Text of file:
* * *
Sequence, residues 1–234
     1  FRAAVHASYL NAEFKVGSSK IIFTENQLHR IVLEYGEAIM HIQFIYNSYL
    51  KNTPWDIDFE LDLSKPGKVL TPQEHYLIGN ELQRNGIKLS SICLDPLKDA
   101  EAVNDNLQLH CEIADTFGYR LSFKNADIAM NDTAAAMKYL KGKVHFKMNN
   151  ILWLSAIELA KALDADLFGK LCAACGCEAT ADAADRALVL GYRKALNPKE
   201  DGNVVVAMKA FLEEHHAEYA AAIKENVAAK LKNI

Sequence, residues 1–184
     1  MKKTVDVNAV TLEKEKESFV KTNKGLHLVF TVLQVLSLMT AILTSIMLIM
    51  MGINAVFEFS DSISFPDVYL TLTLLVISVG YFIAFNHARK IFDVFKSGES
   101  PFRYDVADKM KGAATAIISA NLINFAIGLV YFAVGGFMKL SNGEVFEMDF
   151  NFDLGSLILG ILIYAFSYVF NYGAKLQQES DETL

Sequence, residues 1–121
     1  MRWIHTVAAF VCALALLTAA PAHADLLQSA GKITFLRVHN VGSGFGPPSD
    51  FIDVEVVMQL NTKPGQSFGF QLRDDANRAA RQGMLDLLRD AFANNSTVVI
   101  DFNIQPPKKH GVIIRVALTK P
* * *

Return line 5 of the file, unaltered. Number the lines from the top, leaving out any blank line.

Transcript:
   151  ILWLSAIELA KALDADLFGK LCAACGCEAT ADAADRALVL GYRKALNPKE